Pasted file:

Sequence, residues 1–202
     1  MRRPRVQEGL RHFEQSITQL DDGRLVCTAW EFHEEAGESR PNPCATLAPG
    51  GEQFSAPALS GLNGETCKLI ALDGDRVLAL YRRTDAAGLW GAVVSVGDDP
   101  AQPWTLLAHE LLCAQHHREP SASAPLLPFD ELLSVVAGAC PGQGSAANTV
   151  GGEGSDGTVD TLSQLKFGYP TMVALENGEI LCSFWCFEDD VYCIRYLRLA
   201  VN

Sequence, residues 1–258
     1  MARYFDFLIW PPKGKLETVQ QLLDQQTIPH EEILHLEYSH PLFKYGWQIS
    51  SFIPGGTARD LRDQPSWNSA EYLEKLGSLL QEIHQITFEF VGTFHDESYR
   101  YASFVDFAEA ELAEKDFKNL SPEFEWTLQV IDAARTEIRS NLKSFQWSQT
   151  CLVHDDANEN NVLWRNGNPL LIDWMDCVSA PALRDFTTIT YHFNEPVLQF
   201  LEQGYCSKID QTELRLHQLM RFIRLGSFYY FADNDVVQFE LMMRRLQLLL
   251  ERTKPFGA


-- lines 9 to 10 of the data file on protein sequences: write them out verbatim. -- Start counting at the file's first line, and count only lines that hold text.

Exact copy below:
    51  SFIPGGTARD LRDQPSWNSA EYLEKLGSLL QEIHQITFEF VGTFHDESYR
   101  YASFVDFAEA ELAEKDFKNL SPEFEWTLQV IDAARTEIRS NLKSFQWSQT